Policy & Enforcement Briefing: Diesel Grants, DOT Slams Oil Sector, Bombardier Fails to Report
Republicans and Democrats are criticizing EPA proposals to cut funding for programs that have strong bipartisan backing. The agency proposes to completely eliminate the $20 million Diesel Emissions Reduction Act grants, which help trucking companies with engine retrofits and replacements. And the EPA has proposed cutting state water quality revolving loan funds by 24.7 percent, to $1.8 billion, The Hill reports.
Bombardier said that it spilled 2,642 gallons of kerosene in February at its Mirabel plant outside of Montreal, but failed to immediately report the accident to government officials. The company says it will complete the clean-up and report in the next few weeks, and will review its internal practices to ensure that such an oversight does not happen again, Reuters said.
The Department of Transportation criticized the oil sector for an “ongoing lack of cooperation,” saying the industry has only provided a small portion of the data the agency needs to estimate the dangers of moving crude oil by rail, the New York Times reports. The American Petroleum Institute denied causing delays, with a spokesman saying, “We’d like to know what information they’re not getting so we can give it to them.”
Secretary of state John Kerry reiterated the findings of the Intergovernmental Panel on Climate Change, released today, that failure to act immediately on climate change will have catastrophic consequences, including increased risk of conflict, migration, hunger and floods. “Denial of the science is malpractice,” Kerry said, according to The Daily Telegraph.
Hilcorp is trying to employ an unused Pennsylvania law from 1961 to make four holdout landowners in New Bedford, Pa., accept oil and gas drilling under their land, the New York Times reports.
Hundreds of protesters in Maoming, in China’s Guangdong province, protested Sinopec Corp’s production of paraxylene. Social media site Weibo carried photos showing hundreds of demonstrators, with some lying bloodied in the streets, and an overturned car in flames. But Reuters said it could not independently verify the images, many of which were later removed by censors.
The Obama administration listed the lesser prairie chicken as threatened, a move that may affect oil and gas drilling as well as wind farm development, Reuters reports. Oklahoma governor Mary Fallin, a Republican, praised the listing, but Rep. Randy Neugebauer (R-TX) said the listing was not needed.
Sen. Lisa Murkowski (R-AK) criticized the US Fish and Wildlife Service’s decision to move towards a threatened species listing for the Alexander Archipelago wolf. The service will today publish a 90-day finding on a petition to list the wolf, meaning it has determined there is enough information to warrant a continued review, Murkowski said. She said this decision will restrict economic development in southeast Alaska.
The EPA and Coast Guard will begin removing millions of gallons of hazardous materials and toxic sludge from the former Samoa Pulp Mill site in Samoa, Calif. as part of a joint cleanup effort. From its investigation, EPA determined all storage tanks holding the hazardous waste were leaking or failing, and several of the tanks posed an immediate risk to human health and the environment due to potential runoff from the site to Humboldt Bay, which is only 800 feet from the site. Waste from the site will be trucked to a facility in Longview, Wash. for treatment and reuse. Following site cleanup, the Harbor District of Humboldt Bay plans to reuse the site for aquaculture purposes, including oyster and caviar farming.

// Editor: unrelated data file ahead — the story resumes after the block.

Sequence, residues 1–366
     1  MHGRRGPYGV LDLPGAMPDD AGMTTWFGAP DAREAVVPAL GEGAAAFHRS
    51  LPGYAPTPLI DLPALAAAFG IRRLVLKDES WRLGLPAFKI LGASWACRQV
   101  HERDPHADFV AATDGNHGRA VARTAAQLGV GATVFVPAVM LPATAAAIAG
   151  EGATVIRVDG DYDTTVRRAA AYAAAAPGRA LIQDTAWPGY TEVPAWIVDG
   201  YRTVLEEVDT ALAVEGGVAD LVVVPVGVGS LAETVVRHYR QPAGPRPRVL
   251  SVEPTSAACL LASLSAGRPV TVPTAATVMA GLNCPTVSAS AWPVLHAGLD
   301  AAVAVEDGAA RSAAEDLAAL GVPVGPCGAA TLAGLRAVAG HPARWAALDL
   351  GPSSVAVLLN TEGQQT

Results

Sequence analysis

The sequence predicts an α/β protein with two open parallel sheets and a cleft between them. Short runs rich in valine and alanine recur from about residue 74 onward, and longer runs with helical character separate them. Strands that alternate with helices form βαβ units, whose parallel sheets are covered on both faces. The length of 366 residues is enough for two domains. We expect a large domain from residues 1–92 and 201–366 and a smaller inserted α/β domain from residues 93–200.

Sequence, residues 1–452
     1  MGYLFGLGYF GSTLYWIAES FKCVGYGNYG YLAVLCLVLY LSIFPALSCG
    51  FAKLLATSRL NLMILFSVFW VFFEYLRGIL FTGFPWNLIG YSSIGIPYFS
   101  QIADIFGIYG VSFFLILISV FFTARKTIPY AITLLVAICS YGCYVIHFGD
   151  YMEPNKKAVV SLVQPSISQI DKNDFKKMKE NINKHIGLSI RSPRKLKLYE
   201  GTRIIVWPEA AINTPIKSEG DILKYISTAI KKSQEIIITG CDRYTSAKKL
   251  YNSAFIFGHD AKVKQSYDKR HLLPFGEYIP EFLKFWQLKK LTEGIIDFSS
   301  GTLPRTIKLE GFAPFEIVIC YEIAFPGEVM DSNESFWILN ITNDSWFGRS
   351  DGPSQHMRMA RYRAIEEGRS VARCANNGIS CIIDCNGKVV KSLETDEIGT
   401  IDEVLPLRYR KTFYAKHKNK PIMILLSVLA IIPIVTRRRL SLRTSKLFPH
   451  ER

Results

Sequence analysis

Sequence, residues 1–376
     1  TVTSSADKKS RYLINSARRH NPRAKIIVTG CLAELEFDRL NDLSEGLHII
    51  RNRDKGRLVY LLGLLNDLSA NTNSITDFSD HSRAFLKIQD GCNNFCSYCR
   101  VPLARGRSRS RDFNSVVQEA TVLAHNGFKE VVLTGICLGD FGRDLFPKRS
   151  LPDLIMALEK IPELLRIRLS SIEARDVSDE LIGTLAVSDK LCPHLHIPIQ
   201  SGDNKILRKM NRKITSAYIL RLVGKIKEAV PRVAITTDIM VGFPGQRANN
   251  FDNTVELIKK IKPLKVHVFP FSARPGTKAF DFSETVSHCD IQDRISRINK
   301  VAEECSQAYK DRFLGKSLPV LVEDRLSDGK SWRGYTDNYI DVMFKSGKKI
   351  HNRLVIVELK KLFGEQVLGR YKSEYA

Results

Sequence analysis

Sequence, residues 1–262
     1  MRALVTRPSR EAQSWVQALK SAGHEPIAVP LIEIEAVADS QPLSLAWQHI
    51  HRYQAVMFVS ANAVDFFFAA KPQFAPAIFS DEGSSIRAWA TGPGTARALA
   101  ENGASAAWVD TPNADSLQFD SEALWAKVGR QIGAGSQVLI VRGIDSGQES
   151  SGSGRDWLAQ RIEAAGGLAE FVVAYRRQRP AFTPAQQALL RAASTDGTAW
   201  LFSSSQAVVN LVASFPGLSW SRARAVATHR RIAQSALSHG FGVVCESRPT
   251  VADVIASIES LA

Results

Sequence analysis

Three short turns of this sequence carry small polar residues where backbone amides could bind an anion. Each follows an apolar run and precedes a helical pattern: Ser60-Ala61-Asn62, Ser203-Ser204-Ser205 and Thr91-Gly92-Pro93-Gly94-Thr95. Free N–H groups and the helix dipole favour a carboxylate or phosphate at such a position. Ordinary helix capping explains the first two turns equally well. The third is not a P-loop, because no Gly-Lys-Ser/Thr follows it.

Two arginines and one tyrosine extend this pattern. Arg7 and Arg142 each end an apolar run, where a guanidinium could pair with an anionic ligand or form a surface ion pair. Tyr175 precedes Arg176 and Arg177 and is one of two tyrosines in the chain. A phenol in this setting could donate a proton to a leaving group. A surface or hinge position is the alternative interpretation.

The California Air Resources Board has created a Clean Vehicle Rebate Project waiting list, with up to a total of $5 million in funding, in response to what it says is record growth in demand for plug-in hybrids and zero-emission vehicles. CARB staff have also proposed an additional $25 million in funding for the waiting list. Since the program began in March 2010, CARB has issued about $100 million for more than 50,000 rebates.
The House will vote as early as tomorrow on the Weather Forecasting Improvement Act, HR 2413, which would require the National Oceanic and Atmospheric Administration to focus its work on storm predictions instead of climate change research, The Hill reports.
In a final environmental impact statement, the Federal Energy Regulatory Commission found that the Sierrita Pipeline Project in Pima County, Ariz., would result in limited adverse environmental impacts. The proposed facilities include about 61 miles of new 36-inch-diameter natural gas pipeline, two meter stations, two pig launchers and two pig receivers, and six mainline valves.
The US Coast Guard will hold a public workshop in Washington, DC tomorrow on topics related to the development of the International Maritime Organization’s International Code for Ships Using Gases or Other Low-Flashpoint Fuels. Various safety topics will be discussed including design, equipment, operational and training requirements.
Energy Manager News
- Price of Carbon Credits Rises In Europe, Which is a Good Thing
- Iowa Utilities Get Pushback on Plans for Higher Rooftop Solar Rates
- Driving Energy Efficiency in Leased Commercial Space is Complicated – and Worthwhile
- Will Co-Firing Natural Gas and Coal Meet Clean Power Plan Standards?
- Pitkin County (CO) Looks for Solar Opportunities
- Solar Panels Working as Promised for Iowa Company
- China and India: Doing the Unimaginable to Address Climate Change
- Maine Solar Bill That Advocates Claim Could Save $100M Is Vetoed by Governor LePage